1. Chris I think you made a number of very valid and insightful points about the tattoo fad and the relationship between many disaffected young people and corporate society. You are right that these young people come from marginalized communities that often lack access to strong educational institutions and job opportunities. The tattoos are oftentimes a reflection of their values and friendships and yes, their future prospects have been impacted by society before they decided to ink themselves, however, the tragedy of the ink is that should at some point they decide to participate in our nations corporate and professional society their appearance will add an additional barrier to their empowerment, which is so critically needed. You also make an important point about the adversarial view of corporate society except in terms of consumerism, which is a good point. I think that the tattoo fad itself could also be seen as an outgrowth of this consumerism and materialism that corporate america has marketed to our youth. Would the tattoo fad be what it is if it wasn’t for TV shows like Miami and LA Ink or the glamorized photos of entertainers with tattoos? Maybe the proliferation of tattoos is a sign that the corporate and entertainment world are continuing to mislead our youth, who sacrifice their futures to besupportive momentarily cool. These neighborhoods that are disadvantaged educationally have dealt with these circumstances for years but the churches and mosques have provided rich amounts of support despite theproject societal neglect. Are these great institutions losing their foothold as corporate America markets this secular and materialistic culture to our youth? I appreciate the discussion let’s keep it going!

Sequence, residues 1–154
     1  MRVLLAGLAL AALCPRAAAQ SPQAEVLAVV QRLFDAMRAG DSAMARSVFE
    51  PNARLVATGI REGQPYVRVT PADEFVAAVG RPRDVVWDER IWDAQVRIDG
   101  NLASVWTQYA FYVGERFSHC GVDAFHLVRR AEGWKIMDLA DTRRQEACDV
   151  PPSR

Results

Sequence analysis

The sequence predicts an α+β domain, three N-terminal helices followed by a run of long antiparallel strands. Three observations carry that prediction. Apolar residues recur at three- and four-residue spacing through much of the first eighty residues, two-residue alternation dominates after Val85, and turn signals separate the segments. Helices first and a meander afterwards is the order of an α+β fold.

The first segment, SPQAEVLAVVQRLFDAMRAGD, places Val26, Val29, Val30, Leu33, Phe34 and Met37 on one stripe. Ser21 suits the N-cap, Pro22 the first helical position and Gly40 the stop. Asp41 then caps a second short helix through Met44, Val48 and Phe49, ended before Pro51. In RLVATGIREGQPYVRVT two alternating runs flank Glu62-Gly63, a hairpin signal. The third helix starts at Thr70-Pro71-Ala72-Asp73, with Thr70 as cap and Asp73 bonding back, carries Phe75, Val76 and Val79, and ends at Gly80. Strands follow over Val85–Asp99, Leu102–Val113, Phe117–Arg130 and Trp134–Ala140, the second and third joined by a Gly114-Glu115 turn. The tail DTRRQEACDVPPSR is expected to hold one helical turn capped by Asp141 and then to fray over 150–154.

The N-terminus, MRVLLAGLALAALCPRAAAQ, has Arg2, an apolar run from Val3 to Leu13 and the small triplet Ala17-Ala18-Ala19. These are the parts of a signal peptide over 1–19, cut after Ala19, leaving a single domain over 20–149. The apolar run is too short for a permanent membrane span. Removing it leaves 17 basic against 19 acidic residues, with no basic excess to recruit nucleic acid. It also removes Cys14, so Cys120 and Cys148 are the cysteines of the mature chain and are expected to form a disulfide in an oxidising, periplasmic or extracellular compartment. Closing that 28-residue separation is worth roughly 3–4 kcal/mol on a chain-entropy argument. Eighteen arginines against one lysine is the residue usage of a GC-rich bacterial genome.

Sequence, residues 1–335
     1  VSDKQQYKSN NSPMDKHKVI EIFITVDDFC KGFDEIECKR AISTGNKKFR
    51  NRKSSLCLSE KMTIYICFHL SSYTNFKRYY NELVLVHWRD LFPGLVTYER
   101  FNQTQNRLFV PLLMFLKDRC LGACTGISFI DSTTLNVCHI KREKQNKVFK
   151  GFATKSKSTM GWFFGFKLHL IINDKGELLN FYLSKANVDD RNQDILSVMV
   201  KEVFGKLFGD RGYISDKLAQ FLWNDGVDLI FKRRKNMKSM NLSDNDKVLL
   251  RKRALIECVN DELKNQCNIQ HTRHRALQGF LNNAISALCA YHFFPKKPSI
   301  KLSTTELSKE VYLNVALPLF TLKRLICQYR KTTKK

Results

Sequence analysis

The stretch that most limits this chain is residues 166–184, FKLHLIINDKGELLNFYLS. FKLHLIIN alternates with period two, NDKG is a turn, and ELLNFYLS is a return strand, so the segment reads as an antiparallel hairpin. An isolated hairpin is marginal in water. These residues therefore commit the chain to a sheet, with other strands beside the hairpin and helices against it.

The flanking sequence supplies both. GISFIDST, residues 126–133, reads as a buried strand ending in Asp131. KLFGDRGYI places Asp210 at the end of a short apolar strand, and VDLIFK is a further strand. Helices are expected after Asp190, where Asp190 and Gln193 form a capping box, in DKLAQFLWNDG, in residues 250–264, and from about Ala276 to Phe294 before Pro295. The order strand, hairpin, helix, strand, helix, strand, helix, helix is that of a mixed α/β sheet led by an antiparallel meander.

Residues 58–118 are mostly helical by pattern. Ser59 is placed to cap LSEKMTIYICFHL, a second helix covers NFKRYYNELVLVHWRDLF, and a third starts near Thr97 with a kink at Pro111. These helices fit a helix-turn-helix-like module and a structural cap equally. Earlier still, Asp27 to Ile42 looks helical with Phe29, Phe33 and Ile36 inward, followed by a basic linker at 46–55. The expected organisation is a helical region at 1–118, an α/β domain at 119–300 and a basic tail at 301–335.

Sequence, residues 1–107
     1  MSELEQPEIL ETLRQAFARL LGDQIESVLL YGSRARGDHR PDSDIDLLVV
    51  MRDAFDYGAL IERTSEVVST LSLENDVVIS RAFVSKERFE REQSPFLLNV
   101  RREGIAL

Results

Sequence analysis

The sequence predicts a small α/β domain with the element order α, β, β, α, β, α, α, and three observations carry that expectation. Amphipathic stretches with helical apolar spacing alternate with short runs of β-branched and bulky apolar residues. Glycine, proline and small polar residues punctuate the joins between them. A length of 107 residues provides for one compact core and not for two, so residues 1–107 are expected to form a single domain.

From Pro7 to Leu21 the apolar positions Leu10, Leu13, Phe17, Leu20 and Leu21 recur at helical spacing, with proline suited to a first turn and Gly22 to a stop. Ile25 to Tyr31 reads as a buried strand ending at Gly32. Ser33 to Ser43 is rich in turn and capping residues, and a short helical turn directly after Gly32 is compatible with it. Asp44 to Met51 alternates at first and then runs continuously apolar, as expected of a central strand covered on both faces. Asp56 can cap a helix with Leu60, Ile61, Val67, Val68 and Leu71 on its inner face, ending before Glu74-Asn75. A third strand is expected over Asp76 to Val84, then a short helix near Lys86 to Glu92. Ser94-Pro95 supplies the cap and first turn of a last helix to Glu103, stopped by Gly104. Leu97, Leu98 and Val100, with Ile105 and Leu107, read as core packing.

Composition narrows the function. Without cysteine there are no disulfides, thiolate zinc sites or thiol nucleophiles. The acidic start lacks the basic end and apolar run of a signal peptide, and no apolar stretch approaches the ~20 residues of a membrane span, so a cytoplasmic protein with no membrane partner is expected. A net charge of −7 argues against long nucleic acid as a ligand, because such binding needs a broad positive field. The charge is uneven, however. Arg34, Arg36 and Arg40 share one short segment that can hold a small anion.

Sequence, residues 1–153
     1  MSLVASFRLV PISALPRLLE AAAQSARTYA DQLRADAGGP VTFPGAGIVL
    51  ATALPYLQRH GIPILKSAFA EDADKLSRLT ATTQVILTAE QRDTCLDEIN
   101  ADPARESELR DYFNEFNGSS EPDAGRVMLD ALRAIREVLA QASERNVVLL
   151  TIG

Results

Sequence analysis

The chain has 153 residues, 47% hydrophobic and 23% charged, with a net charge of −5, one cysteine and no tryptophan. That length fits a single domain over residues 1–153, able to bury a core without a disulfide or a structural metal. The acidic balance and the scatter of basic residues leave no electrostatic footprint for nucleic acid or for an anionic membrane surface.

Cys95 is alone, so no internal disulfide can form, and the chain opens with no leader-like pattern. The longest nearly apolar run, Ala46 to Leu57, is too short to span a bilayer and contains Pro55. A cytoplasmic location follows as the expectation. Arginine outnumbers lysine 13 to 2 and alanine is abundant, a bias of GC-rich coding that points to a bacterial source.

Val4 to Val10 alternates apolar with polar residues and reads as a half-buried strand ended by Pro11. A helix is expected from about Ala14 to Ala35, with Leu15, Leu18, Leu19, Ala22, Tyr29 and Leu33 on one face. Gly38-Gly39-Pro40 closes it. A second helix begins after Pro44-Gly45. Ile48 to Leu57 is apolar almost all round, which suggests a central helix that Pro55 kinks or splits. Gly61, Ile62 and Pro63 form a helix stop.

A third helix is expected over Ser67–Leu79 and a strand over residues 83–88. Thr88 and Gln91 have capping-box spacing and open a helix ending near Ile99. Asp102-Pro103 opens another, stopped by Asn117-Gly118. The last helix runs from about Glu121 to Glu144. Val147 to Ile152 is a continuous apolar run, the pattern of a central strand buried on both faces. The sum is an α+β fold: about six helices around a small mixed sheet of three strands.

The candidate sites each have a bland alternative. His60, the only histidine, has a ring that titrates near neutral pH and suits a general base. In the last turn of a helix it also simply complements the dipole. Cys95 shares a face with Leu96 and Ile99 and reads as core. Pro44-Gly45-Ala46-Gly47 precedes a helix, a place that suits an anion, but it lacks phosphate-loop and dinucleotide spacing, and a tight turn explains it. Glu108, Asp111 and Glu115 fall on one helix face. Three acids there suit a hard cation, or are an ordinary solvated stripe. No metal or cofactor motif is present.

6. This was a good conversation. I have much to say about it, the underlying thoughts and realities but that would take an article that I do not have the inclination nor inspiration to write at the moment. I have written extensively on the good and bad of black life and life here in AmeriKKKa but will not publish it here as this is not my forum. It is, however my hope that you will continue to publish relevant, thoughtful, insight-filled articles such as these.

    1. Thanks for the comment it is appreciated. Visible tattoo is a critical issue facing the youth of America. More importantly, this is an issue particularly prepared to negatively impact young lives of color and economically marginalized communities more significantly than any other segments of society. It is hoped that with more dialogue and discussion social norms can truly become more compromising and understanding of today’s youth culture, which is as rebellious as any youth culture has ever been. The question of importance here is, what makes today’s trend of more visible tattoos more significant than fads of the past and even more recent times? Also, will society becoming more tolerant of an already marginalized people and will our community begin a dialogue to seriously discuss the implications the color of our ink will have on the color of our future.

      Check this link, where Drake discusses Lil’Wayne’s admonishing and advising him not to get a tattoo and to be mindful and appreciative of his image and staying himself.

      http://www.mtv.com/videos/news/528349/drake-describes-visiting-lil-wayne-in-jail.jhtml#id=1641635